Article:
The Net Neutrality ruling is in and Internet service providers can discriminate however they like.

The Nuts and Bolts of Network Neutrality is good overview of what neutrality is about.
Who Killed Net Neutrality? : The New Yorker has a review of how we got to this point.
After The Open Internet Order, Reclassification! finds a silver lining in the cloud.
‘A FEMA-level fail’: The law professor who coined ‘net neutrality’ lashes out at the FCC’s legal strategy

Check Your Privacy Settings

Data Privacy Day logo

Would you like to view or change the privacy/security settings for your online device or service, but don’t know where to find them? Here’s your one-stop shop for easy instructions to update privacy settings wherever and however you go online.

Theme Process Roundup

Screenshots of the Creative Librarian website as of January 11, 2014 on various screens.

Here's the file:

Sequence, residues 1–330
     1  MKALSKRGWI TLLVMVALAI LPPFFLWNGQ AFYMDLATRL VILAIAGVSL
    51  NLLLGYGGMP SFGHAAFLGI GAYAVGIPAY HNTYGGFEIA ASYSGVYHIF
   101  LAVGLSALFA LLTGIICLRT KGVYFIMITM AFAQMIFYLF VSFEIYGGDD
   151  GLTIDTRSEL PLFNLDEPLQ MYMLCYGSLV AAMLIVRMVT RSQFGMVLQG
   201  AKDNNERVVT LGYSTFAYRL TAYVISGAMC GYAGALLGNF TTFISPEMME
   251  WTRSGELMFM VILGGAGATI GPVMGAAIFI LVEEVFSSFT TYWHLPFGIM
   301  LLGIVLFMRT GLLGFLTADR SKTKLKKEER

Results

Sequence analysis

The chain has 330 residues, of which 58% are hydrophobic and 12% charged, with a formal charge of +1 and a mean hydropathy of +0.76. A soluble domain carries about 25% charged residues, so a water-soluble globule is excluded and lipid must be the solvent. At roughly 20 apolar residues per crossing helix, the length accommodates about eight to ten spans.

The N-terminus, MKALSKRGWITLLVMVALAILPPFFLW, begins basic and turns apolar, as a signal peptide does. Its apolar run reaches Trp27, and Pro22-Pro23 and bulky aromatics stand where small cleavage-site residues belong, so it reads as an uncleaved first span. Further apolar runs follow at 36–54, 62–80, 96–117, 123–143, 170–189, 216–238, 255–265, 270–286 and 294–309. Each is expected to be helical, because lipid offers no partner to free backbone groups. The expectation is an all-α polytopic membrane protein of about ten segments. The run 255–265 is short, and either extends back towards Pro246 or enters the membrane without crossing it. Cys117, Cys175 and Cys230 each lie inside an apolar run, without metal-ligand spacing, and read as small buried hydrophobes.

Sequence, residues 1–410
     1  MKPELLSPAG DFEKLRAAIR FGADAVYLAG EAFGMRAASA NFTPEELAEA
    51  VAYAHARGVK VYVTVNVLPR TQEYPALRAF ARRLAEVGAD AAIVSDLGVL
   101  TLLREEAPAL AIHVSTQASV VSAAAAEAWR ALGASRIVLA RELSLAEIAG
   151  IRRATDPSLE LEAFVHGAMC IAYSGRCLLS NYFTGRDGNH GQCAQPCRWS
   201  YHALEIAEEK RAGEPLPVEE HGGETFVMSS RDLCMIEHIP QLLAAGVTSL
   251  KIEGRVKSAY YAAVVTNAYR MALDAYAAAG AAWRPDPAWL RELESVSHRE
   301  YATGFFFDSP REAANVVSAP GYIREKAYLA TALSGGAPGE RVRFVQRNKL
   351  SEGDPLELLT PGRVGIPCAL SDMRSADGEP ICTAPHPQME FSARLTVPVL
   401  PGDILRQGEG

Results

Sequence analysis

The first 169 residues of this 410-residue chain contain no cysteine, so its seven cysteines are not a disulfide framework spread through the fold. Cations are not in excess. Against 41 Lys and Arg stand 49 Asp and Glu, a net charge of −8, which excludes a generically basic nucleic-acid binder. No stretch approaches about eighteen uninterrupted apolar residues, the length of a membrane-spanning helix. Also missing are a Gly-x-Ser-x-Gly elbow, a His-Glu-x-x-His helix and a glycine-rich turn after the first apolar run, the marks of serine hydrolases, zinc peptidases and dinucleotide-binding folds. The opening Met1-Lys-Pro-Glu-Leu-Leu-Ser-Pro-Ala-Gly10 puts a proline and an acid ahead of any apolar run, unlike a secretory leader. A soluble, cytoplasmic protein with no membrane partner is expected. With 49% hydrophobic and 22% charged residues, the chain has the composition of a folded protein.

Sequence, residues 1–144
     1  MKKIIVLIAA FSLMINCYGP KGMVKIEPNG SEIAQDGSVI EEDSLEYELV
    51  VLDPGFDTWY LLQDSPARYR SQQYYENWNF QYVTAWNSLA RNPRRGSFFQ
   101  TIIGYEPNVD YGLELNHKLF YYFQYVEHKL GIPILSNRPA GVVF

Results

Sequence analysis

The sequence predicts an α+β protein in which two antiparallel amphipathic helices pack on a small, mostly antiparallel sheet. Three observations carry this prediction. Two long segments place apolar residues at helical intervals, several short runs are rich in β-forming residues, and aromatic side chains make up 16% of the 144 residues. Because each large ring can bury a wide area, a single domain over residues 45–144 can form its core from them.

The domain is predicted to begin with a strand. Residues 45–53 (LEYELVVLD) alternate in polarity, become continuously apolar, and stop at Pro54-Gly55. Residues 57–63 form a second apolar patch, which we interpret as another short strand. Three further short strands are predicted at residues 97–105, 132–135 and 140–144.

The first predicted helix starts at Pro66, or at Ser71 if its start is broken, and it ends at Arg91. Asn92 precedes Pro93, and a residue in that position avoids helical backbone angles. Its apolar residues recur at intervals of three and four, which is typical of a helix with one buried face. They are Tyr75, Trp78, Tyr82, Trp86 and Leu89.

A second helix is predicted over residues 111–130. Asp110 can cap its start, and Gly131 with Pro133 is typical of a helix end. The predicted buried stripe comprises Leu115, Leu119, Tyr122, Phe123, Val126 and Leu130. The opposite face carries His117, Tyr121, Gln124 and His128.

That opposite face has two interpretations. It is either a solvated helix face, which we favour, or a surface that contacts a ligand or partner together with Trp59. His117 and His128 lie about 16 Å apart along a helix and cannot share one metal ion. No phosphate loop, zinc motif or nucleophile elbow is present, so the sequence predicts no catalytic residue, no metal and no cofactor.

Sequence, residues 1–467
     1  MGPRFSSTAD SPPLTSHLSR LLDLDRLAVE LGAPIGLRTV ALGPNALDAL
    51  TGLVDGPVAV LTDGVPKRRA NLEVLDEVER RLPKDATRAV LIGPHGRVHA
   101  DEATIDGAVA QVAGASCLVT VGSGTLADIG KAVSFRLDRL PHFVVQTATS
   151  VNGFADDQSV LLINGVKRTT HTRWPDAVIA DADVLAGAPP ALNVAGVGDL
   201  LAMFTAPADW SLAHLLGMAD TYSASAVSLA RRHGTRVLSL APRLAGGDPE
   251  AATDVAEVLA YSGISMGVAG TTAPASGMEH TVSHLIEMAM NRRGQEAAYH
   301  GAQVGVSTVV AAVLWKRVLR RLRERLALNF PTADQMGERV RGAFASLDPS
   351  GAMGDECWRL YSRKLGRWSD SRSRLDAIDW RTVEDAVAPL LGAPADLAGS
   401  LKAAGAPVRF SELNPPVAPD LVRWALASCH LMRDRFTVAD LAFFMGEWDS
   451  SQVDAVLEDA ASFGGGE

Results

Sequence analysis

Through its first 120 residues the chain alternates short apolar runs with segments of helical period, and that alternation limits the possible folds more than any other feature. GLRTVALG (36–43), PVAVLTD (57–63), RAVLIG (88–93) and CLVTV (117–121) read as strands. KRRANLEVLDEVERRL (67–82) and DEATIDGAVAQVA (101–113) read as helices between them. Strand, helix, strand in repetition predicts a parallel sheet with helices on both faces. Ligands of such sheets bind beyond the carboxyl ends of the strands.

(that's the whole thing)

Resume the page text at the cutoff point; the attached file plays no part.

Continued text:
This is an index of a series of articles I wrote on the process I went through creating the third theme for this site. It was spurred on by the release of WordPress with the new Customizer feature and my desire for a responsive, retina-ready theme I could re-skin when the desire hit me. The articles are listed in the order they were published but they’re each written to be read alone.

  1. Icon
  2. Responsive, retina-ready icons
  3.  Flat Design
  4. Responsive Design
  5. WordPress wrangling

Responsive Design

The Creative Librarian website at several screensizes